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08 January 2015 @ 09:40 am
Dark Sun: Exalted edition  
Maybe it's the fact that my read-through of all the Dark Sun books is almost done, but lately I've been thinking about running a Dark Sun game using the Exalted rules. Bleeding, permanent crippling, infection, environmental damage, and weapons and armor granular enough that it's possible to model the "metal is rare" and increasing scale of wood < stone < bone < obsidian < metal weapons without much trouble. There's even a great list on Athas.org of a ton of armor types made from chitin, wood, leather, monster bits, and so on to steal from. I never thought D&D of any sort was a great fit for Dark Sun's hardscrabble survivalist brutality.

I've given a bit of thought in how to translate the interesting parts of Dark Sun over to the mechanics, too.

This is easy. I can use Revlid's Mutation Revisions and build them all out that way, the way I did for standard D&D in my Dungeons and Exalts post. That'll take maybe 30 minutes at max.

This one is easy conceptually, but would take time. Basically, Exalted's Charm structure makes it easy to make psionic power cascades. A Telepathy one starting with Contact and everything branches off that, a Psychometabolism one starting with Biofeedback, a Psychokinetic one starting with telekinesis, and so on. Or maybe two or three entrance points into each tree. That's similar to how the Complete Book of Psionics worked, and it's how Exalted's Charms work too, so they're a natural fit.

Also, I could use the Essence stat as a measure of psionic power, to emphasize how central psionics is in Athas. And I can even keep Exalted's supernatural martial arts by stealing the fluff of the sensei kit from The Will and the Way and recasting them as psionic fighting styles. The elemental focus of martial arts even fits Dark Sun's fluff, too. Anything that leads to less work needed for a project like this is good in my book.

This one is a bit harder. The way I'm thinking of it now is to assume that all magic is basically the same (no arcane/divine split) and requires external power, but priests and druids get theirs from powerful entities and wizards have to draw energy out of living things. They'd draw on the same spells, then, but wizards would get a wider selection with a side order of witch-burnings.

I could do it in WFRP-style spell lores, divided into three circles each. So, the Lore of Fire for fire clerics, with...I don't know, Torch Circle, Bonfire Circle, and Inferno Circle, with five spells or so per circle. Then Lores for the other three elements and the para-elements (Sun, Rain, Silt, and Magma). Elemental priests get all three circles of their element and the first circle of a related element. Druids get the Lore of Animals and the Lore of Plants and the Lore of one related element, and pick one at three circles, one at two, and one at one. Templars get anything their sorcerer-king deigns to give them, which makes them a lot more powerful and versatile, but it's that way in the original source material too, plus they're tied into their city-state hierarchy and all the backstabbing and treachery that comes with it.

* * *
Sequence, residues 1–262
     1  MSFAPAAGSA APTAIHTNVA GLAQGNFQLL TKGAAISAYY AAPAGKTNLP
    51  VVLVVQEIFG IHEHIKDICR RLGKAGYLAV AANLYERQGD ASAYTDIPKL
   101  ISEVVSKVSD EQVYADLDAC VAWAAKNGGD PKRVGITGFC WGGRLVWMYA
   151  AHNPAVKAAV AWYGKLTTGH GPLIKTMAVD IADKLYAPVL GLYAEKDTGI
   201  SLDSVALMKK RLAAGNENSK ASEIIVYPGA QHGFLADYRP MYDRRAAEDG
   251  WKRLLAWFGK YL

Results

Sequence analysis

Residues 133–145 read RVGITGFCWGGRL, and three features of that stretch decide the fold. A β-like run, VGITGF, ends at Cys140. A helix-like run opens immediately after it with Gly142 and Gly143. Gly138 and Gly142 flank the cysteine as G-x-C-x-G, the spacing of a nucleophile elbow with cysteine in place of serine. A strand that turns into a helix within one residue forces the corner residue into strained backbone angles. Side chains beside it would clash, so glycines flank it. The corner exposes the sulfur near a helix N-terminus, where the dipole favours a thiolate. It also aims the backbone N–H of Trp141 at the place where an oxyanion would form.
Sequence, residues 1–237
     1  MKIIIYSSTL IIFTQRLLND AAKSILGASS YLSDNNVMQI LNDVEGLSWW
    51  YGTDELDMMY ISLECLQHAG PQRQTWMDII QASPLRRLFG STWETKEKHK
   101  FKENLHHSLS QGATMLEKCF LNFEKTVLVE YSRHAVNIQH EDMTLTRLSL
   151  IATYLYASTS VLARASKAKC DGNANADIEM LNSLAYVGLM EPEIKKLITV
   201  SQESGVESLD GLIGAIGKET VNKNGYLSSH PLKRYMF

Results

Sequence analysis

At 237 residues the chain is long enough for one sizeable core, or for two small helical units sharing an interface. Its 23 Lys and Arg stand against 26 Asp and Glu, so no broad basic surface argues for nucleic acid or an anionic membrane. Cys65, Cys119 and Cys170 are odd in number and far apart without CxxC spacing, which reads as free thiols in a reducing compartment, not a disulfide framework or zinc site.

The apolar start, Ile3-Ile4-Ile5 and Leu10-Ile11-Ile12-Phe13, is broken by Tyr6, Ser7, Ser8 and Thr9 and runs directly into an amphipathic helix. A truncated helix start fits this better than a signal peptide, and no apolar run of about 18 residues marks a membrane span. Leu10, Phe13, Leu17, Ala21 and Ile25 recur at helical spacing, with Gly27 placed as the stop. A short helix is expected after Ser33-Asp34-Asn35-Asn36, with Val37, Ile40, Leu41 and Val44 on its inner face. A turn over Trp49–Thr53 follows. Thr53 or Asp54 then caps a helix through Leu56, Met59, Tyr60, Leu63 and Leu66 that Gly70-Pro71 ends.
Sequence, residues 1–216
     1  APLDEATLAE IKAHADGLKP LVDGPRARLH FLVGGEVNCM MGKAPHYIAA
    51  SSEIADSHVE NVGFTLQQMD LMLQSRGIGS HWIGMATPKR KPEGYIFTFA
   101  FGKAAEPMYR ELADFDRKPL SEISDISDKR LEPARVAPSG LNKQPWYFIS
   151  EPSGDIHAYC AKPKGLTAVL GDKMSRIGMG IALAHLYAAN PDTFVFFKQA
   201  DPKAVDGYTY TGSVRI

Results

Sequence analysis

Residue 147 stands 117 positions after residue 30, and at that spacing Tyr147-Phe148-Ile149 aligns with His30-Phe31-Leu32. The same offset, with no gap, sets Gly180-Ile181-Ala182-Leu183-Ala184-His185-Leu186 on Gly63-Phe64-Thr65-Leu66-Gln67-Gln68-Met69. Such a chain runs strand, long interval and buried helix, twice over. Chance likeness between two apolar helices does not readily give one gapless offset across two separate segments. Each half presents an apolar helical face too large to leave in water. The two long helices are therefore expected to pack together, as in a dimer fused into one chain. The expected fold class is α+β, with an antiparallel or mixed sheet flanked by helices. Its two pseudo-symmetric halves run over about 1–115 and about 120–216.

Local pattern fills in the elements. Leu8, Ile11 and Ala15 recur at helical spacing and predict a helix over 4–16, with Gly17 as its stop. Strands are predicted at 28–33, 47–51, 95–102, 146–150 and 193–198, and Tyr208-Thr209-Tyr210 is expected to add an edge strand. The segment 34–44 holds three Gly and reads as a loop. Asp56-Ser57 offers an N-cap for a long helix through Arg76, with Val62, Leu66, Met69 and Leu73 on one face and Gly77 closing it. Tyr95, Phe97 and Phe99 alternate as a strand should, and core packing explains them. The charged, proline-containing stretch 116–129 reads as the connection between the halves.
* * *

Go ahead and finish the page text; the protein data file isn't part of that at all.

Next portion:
Wizards get anything with no restrictions, including stuff that no one else can get like the Lore of the Dead (making undead creatures, surviving death, etc.), the Lore of the Spheres (traveling to other planes), the Lore of Enchantment (enchanting items, which would be a wizard-only thing), and probably some other stuff, but have to deal with witch-burnings and their existence being illegal basically everywhere. Get the Larceny and Performance skills and pretend to be a mindbender or a priest.

Unlike the source, I wouldn't bother to mechanically distinguish preservers and defilers beyond modeling spellcasting, where it would be the same except preservers would take longer to cast their spells and defilers would leave ash behind. If not leaving black ash everywhere were an easy choice, then Athas wouldn't be a blasted desert hellscape, now would it?

It seems like it would work really well, yet as with many of these ideas I have, the main thing that puts me off is the writing. I just spent a couple dozen hours writing down all the Dragon-Blooded Charms and applying the various layers of errata to get a single PDF with all the Charms in it that doesn't require flipping through multiple books so that I could run that Ollantijaya game I mentioned a while ago, and do I want to start another project immediately? It could work, but it would take work.

Well, that and I already have a couple dozen complete RPGs that require less tinkering that I could run, once I have time for another game. It's true that I like RPG tinkering for its own sake, but I'll just faff around forever messing with projects unless I set some limits.
Current Mood: thoughtfulthoughtful
Current Music: THAC0's Hammer podcast
marianlhmarianlh on January 8th, 2015 05:17 pm (UTC)
It sounds like a pretty cool idea, but yeah, it'd probably be a lot of work.

But I'd play it. ^_^
dorchadas: Pile of Dicedorchadas on January 8th, 2015 08:19 pm (UTC)
Yay! (^_^)b

it'd probably be a lot of work.

I'm starting to realize that this is the unifying factor for a lot of my game ideas...